Russian films may be denied a distribution license if they are deemed to undermine the country's "national unity," according to new regulations that critics have denounced as an attempt to make filmmakers toe the Kremlin line.
The regulations were supposed to take effect on January 1, but have been delayed because the Culture Ministry is still awaiting reviews and comments on the proposed rules from other government agencies, a ministry spokesperson said Wednesday, the Interfax news agency reported.
The regulations, drafted in November, state that a film may be denied a distribution license — effectively banning it from Russian movie theaters and television screens — if it "contains content defiling the national culture, posing a threat to national unity and undermining the foundations of the constitutional order," Interfax cited the ministry as saying.
Filmmakers and critics have been outraged by the prospect.
"What is national unity? This is a completely new term, it didn't exist in the past," the chief editor of Iskusstvo Kino ("The Art of Cinema") magazine, Daniil Dondurei, was quoted by Interfax as saying. "In the past, all we had was [the term] anti-Soviet propaganda."
"Censorship is just a mechanism, but this is an ideological doctrine," Dondurei said.
The planned introduction of the new requirements appears to be part of a wider campaign by the Culture Ministry to unify Russians around Kremlin-endorsed values.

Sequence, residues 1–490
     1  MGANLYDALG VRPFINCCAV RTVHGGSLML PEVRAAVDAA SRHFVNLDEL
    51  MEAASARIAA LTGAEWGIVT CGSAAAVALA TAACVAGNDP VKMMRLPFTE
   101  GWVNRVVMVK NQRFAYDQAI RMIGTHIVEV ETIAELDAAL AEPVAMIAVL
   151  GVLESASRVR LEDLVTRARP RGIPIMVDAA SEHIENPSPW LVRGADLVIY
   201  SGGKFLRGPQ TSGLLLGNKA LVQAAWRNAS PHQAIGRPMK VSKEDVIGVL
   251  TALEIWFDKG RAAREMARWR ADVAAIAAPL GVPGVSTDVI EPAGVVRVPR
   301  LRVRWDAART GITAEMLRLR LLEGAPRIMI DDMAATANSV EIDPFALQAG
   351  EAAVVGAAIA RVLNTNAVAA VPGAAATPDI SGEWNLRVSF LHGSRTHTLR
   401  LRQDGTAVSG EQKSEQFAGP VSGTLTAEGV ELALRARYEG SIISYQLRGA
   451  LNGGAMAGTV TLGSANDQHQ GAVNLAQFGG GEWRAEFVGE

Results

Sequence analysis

Culture Minister Vladimir Medinsky earlier this week called for Russia to "consolidate the state and society on the basis of values instilled by our history," and urged the creation of a "patriotic" Internet and the spread of like-minded films, radio and television content.
Tighter government control over cinematographic expression is also likely to affect the domestic distribution of Andrei Zvyagintsev's film "Leviathan," set to hit Russian cinemas in early February.
"Leviathan" earlier this week raked in a Golden Globe award in the best foreign film category and is a contender for an Academy Award in the same category.
Russians who watch "Leviathan" in theaters are likely to see an edited version, with harsh language removed from the film's dialogue in line with a law passed last year that bans the use of expletives in the arts.
The editing of "Leviathan" appears to be a harbinger of what is to follow.
The head of distribution company Kino Bez Granits ("Cinema Without Borders"), Sam Klebanov, said that the new rules, if enacted, would be unlikely to affect many foreign films unless they specifically deal with Russia-related topics, but warned they could effectively hobble the Russian film industry, Interfax reported.
"This is, of course, primarily aimed at bringing domestic filmmakers in line, and pointing out to them their place as the 'wait staff' in the new ideological hierarchy," he was quoted as saying by the news agency.
It remained unclear how cultural officials would decide whether a film is detrimental to Russia's "national unity" or culture.
"Who is going to decide that the culture has been besmeared? The ministry? The public? A court? And on the basis of what?" director Andrei Proshkin was quoted as saying by Interfax. "How do you determine legally that the [national] culture has been besmeared? And what can besmear a culture more in the 21st century than such laws?
"I don't doubt for a second that soon we will hear about malicious attempts to smear the national culture, and the banning of films," he said, adding that that would mark a return to Soviet-era practices.